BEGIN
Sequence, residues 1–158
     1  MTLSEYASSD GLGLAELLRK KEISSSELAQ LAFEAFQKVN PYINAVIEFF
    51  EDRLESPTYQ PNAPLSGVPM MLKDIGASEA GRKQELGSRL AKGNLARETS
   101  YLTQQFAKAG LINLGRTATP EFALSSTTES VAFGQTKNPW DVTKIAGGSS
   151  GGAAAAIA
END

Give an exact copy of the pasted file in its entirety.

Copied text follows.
Sequence, residues 1–158
     1  MTLSEYASSD GLGLAELLRK KEISSSELAQ LAFEAFQKVN PYINAVIEFF
    51  EDRLESPTYQ PNAPLSGVPM MLKDIGASEA GRKQELGSRL AKGNLARETS
   101  YLTQQFAKAG LINLGRTATP EFALSSTTES VAFGQTKNPW DVTKIAGGSS
   151  GGAAAAIA